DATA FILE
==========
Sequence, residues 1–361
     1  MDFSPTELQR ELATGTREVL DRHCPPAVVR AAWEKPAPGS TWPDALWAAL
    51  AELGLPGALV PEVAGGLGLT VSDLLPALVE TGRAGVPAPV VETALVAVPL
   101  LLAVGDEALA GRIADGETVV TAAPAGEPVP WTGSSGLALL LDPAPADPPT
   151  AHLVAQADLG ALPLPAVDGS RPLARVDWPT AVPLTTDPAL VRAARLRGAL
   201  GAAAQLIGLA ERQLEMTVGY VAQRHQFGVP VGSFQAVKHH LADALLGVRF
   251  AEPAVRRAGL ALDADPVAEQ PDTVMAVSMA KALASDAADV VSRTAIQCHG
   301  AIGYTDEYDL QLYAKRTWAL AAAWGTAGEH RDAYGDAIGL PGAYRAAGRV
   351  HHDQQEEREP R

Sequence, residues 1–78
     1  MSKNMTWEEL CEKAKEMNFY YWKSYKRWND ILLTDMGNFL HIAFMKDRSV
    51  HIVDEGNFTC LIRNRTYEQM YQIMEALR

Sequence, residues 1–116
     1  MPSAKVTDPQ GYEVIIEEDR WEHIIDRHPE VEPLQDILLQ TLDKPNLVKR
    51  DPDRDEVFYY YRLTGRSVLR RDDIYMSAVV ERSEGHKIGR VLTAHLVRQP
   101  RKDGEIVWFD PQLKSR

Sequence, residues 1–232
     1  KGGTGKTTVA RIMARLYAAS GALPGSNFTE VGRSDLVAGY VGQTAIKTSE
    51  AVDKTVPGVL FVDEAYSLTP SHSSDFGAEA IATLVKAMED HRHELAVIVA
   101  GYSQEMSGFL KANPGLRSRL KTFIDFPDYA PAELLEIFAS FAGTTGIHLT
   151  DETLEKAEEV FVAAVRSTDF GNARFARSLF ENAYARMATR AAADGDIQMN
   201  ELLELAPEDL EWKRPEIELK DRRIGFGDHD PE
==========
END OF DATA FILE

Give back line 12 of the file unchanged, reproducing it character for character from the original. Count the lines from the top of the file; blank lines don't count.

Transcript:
    51  HIVDEGNFTC LIRNRTYEQM YQIMEALR